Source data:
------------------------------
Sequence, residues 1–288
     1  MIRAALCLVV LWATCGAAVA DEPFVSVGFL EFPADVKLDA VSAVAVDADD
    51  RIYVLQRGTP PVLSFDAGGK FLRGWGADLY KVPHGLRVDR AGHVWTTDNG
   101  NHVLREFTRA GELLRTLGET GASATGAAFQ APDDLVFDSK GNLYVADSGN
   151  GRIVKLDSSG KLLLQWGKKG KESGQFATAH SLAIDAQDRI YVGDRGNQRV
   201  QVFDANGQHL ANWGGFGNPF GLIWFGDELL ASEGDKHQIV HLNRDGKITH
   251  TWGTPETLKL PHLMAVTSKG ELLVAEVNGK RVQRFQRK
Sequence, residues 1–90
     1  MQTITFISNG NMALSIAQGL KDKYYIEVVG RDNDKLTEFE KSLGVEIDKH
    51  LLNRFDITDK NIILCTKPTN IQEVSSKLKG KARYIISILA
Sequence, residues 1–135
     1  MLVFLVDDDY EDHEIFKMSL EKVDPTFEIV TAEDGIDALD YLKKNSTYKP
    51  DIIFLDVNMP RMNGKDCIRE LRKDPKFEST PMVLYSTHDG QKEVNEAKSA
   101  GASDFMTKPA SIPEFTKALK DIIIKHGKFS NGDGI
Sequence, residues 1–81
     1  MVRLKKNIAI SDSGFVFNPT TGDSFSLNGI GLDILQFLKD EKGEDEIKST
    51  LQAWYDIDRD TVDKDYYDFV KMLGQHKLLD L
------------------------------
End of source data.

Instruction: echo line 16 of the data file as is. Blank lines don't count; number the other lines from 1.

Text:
     1  MVRLKKNIAI SDSGFVFNPT TGDSFSLNGI GLDILQFLKD EKGEDEIKST